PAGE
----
17 Apr The G-Force Source: accessorise yourself
Spoil yourself by accessorising yourself. We’re not talking about purchasing and donning a Prada man-bag. Leave that delusional idea of fashionable masculinity to others. The accessories that we’re talking about are those that you perform in the gym, not wear over your shoulder to be “cool.”
Last week, we emphasised the importance of adopting goal setting as part of your training and life improvement regime. In this week’s Source, we’re going to add another aspect of training that everyone should also adopt: accessory work.
Hunter Britt, a blog writer for Invictus, has this to say about accessory work:
“…by training and implementing accessories lifts, an athlete is able to substantially improve strength by stressing their body in many different angles and cause different stimulus to a certain area that a classic barbell lift may not be able to challenge as well.”
Accessory work is essential if you wish to strengthen and improve parts of your body that are weaker and cause a detrimental affect on your lifts and gymnastic work.
To help you with some ideas for your accessory work, we’re listing five accessories that we’d like to see everyone try. You may notice that most of these movements focus on the posterior chain and explosive hip drive. This is for a good reason: we tend to see weaker backs, glutes and hamstrings, and explosive hip drive is definitely worth improving as it applies to most lifting and gymnastic movements whether you realise it or not.
Adjust yourself so that your hips are free of the pads on the GHD. Keeping your back flat and tight, lower your trunk, then engage your hamstrings to raise your trunk until you are parallel to the floor, squeezing your bottom at the top of the parallel position. This can be performed with an empty bar if you find the movement too easy.
Also an exercise that can be performed weighted or without weight. Box height will depend on whether you want to perform this quickly for explosive hip drive, or you want to isolate the muscles in your leg with a slower controlled step-up. The idea is to not use the leg that’s on the floor as a propeller. Once you’ve placed your foot on the box, no matter which variation of the movement you’re performing, use the bent leg to drive yourself up.
You can perform this with a barbell or with a band like we have in class. Have your feet under your hips, and whilst maintaining a tight and straight back, sit your booty back and lower your trunk. You can allow for a slight bend in the knees. Keep lowering your trunk until you feel the hamstrings tighten, then raise yourself back up vertically. You can do the whole movement slow, or alternatively, you can lower yourself slow and controlled, then shoot back up quickly. Imagine your hamstrings to be an elastic band. As you lower your trunk, the elastic stretches, but when you come back up, think of an elastic band being let go. Be fast like an elastic band! Jumping good mornings are also a good exercise, but these are a more advanced movement. Consult your coaches before doing anything cray cray.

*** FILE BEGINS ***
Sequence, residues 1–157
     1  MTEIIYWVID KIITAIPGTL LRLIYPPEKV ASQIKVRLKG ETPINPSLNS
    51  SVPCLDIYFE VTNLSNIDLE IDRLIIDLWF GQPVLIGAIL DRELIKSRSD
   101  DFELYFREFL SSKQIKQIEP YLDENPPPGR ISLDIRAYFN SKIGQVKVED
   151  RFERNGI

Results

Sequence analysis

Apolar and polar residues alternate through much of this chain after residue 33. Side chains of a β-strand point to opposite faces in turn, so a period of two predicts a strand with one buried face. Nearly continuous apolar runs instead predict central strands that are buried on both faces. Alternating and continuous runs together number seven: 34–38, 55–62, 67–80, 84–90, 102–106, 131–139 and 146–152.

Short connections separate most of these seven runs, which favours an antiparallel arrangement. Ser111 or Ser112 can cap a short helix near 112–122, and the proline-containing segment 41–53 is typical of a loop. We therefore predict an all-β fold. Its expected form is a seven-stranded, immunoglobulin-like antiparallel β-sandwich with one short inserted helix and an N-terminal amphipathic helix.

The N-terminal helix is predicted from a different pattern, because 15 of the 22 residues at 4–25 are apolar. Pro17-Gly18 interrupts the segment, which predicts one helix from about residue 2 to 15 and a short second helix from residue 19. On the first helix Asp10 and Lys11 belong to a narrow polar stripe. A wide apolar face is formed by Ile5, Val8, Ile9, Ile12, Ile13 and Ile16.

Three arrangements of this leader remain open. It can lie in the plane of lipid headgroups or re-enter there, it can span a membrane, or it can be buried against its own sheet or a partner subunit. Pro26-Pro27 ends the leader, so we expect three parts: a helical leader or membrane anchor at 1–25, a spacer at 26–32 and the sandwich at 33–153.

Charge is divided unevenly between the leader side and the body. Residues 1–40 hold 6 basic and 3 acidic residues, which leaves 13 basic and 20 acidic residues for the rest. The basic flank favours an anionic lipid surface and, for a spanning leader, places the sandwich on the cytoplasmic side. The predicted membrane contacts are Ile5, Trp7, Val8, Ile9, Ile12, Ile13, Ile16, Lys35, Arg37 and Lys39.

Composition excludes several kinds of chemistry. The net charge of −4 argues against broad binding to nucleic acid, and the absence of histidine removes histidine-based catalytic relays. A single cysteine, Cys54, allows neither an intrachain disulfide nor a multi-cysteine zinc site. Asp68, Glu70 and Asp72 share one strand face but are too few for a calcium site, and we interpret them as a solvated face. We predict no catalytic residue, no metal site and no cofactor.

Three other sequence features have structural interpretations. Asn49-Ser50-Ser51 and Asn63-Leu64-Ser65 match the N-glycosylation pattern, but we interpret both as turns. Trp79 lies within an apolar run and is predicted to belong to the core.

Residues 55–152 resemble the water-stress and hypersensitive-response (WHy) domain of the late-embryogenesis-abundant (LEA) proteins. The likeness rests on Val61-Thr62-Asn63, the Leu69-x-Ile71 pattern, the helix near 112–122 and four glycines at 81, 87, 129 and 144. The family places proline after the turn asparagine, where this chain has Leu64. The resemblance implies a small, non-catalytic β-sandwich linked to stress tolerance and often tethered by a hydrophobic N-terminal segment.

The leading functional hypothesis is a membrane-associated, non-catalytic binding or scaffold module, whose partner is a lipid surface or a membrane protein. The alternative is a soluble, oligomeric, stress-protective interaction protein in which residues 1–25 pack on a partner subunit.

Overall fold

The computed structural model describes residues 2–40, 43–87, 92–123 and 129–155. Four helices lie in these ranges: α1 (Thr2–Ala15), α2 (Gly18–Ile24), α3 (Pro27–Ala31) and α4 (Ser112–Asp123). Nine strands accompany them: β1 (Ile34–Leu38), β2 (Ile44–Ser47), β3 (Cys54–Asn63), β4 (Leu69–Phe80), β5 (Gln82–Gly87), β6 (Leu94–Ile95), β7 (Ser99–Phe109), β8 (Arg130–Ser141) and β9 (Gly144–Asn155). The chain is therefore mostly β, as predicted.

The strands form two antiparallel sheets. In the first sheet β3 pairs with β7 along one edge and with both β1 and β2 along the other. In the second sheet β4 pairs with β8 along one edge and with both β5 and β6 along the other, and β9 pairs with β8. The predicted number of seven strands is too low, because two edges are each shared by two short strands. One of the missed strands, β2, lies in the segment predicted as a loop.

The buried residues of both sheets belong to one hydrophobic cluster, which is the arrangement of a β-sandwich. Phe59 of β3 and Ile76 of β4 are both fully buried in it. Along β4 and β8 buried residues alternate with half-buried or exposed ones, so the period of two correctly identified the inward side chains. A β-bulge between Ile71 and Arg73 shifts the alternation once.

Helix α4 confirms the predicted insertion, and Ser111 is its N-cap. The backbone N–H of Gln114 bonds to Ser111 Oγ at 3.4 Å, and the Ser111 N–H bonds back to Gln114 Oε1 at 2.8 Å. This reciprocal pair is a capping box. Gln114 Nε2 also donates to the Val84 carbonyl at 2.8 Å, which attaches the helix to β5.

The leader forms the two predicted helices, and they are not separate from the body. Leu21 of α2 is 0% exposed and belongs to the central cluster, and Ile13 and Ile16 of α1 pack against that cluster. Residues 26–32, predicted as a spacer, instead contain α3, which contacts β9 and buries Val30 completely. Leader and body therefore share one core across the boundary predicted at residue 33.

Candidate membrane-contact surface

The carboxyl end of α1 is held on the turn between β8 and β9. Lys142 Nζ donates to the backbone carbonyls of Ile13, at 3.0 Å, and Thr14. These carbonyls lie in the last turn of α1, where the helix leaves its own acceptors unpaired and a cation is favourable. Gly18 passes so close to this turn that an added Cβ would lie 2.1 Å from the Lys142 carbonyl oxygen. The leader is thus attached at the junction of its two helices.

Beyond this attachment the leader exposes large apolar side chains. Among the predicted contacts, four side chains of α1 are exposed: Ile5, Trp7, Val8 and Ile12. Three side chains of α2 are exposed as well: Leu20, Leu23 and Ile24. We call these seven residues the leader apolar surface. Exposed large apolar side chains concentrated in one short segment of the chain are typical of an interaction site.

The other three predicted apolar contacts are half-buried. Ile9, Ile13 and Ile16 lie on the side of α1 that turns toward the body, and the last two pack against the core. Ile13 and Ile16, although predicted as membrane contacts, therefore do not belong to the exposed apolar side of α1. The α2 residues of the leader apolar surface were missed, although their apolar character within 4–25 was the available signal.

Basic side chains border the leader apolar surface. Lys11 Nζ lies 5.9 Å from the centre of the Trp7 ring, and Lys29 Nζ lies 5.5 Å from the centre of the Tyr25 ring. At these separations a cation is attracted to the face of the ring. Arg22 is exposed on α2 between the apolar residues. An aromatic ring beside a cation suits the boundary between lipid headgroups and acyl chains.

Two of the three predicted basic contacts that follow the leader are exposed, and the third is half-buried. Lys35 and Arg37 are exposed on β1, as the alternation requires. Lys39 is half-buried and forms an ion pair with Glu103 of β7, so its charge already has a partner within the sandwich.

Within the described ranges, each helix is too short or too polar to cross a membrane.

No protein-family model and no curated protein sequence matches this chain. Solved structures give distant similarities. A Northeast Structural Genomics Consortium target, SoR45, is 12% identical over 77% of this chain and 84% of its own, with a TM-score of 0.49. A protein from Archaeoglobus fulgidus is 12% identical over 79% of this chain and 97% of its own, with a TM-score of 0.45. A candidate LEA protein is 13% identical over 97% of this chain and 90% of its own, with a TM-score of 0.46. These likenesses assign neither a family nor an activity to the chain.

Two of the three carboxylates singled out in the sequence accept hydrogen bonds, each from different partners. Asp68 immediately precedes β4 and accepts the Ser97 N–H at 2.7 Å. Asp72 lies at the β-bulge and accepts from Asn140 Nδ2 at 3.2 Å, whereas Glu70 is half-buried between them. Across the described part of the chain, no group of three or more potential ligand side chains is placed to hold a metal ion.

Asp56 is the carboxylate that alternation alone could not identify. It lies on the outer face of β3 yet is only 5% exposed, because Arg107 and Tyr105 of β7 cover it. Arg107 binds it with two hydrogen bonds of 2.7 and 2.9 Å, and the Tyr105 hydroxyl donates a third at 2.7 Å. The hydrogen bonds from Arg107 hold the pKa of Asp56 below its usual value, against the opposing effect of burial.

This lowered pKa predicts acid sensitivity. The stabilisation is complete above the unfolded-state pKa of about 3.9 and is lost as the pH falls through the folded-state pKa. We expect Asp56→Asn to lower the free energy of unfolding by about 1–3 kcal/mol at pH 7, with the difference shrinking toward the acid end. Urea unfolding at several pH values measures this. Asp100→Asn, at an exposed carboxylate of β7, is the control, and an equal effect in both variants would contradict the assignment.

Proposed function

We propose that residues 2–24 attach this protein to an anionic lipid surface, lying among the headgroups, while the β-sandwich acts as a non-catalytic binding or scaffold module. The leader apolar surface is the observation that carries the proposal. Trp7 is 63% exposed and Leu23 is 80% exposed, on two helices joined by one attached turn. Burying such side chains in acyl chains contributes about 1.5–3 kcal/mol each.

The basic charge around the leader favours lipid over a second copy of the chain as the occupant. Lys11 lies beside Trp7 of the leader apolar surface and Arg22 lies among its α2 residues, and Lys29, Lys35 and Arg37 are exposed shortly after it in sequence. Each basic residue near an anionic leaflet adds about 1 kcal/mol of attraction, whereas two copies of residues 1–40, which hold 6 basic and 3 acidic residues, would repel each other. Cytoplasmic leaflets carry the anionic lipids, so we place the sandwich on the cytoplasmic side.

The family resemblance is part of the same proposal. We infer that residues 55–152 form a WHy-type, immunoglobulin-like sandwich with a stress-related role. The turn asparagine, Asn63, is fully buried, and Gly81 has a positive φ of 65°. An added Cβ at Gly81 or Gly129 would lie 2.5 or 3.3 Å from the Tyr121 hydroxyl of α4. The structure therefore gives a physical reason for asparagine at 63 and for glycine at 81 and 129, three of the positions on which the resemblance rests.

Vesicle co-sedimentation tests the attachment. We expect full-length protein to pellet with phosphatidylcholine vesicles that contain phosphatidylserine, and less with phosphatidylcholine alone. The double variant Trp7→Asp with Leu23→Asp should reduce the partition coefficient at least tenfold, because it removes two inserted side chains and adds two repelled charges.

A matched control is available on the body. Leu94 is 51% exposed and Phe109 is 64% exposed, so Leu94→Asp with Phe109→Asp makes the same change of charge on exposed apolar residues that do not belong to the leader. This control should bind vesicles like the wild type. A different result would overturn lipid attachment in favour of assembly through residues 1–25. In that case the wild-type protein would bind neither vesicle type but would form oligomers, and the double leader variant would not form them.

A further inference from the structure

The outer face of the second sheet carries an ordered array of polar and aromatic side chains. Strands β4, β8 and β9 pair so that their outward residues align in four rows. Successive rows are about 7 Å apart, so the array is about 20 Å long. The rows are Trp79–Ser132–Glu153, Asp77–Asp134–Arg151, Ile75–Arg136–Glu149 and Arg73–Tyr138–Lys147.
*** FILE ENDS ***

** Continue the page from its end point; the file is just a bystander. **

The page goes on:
Set up a sled with some weight on it. Face away from the sled with the rope between your legs. Make sure you’ve got all the slack in the rope as you bend over with the rope in your hands between your legs, and like the good morning, maintain a straight and tight back. Next, explosively thrust your hips through and stand up. What should happen is the sled should pull towards you. If it didn’t, you’ve done a boo boo. This exercise works your posterior chain, as well as your explosive hip drive.
We’ve done these before in class. Similar to a full kettlebell swing, instead of going overhead, we’re only going as far as our hips can take us. Keep the kettlebell close to your private bits on the downward movement, then thrust your hips through hard and fast, and let the kettlebell swing forward. Do not use your arms to swing the kettlebell. We want you to just use your hips and only your hips to get that kettlebell moving.
Please consult your coaches before performing any of these exercises. We encourage you all to give these a go as they will help you immensely. Instead of sitting around for half an hour after a class and flapping your chins, you now have something else to do.
To conclude this week’s Source, check out the gym’s new personal bests below. These are some great numbers, especially at the beginning of our strength program cycle. We look forward to seeing more numbers as we progress through the strength programming.
Remember that this coming Friday, our olympic weightlifting specialist coaches will be starting their six week block at G-Force. There are only a few spots left, so be sure to put your name on the whiteboard. If you want to get better at lifting, it is imperative you commit to this six week block with the coaches coming in.
See you all in the gym.